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As a part of our series about Inspirational Women of the Speaking Circuit, I had the distinct pleasure of interviewing Denise Padin Collazo.

Denise Padin Collazo is a social justice leader, a mentor to fellow women of color, and a family work integration innovator. She is squarely focused on encouraging women of color to lead into their vision, live into their fullest selves, and love past negatives that hold them back. She is a gifted speaker who leaves listeners compelled to take action on how they can act on their purpose. Denise mentors, coaches, and raises funds in collaboration with other women to find the just solutions we so desperately need. By doing this, she models what a woman working with and for women really looks like.

She’s as comfortable speaking with people in their living room or front porch as she is meeting with national political and corporate leaders to advance social change for families. This is a gift she was given by her ancestors.

Denise is the senior advisor for external affairs and director of institutional advancement at Faith in Action (formerly PICO National Network), the nation’s largest faith-based, progressive organizing network, where she has advanced the cause of social justice over the past twenty-five years. As senior advisor she represents Faith in Action with foundation and corporate executives, builds strategic partnerships with organizational executives across the movement for change, and is crafting a national individual membership program to expand Faith in Action to all fifty states.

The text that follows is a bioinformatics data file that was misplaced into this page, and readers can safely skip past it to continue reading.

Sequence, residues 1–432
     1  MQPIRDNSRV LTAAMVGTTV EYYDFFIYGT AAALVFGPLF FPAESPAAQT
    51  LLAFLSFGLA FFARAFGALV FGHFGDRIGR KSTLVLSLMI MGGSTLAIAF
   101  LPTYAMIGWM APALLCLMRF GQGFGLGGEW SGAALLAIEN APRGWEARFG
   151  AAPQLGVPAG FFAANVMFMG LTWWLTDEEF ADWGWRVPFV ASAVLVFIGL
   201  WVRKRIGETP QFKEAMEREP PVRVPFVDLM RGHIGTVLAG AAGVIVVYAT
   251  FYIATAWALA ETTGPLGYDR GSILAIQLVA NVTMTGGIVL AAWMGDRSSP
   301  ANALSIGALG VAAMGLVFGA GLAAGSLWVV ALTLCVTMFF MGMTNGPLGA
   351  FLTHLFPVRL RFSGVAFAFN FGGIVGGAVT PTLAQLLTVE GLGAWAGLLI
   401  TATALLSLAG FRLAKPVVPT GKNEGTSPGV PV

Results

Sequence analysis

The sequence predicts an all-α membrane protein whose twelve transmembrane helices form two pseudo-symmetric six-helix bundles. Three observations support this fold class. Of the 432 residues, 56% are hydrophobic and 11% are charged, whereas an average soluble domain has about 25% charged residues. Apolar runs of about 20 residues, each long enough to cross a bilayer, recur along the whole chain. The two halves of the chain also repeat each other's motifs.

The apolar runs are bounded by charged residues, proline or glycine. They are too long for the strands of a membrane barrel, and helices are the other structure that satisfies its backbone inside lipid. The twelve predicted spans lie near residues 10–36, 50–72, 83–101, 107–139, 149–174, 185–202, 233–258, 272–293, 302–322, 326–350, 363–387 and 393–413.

Thank you so much for doing this with us! Our readers would love to get to know you a bit better. Can you tell us the story of how you grew up?

When I was a kid, I lived in a trailer park in the rural farming town of Castroville, California — the artichoke capital of the world. During the summer mornings, I’d grab a few quarters from my Dad’s stash. My abuela Lela would watch me while my parents worked. I’d say bye to Lela, slip on some flip flops and ride my bike to the teen center. Once there, I dropped a quarter into the vending machine and out popped a Payday bar. Breakfast was served!

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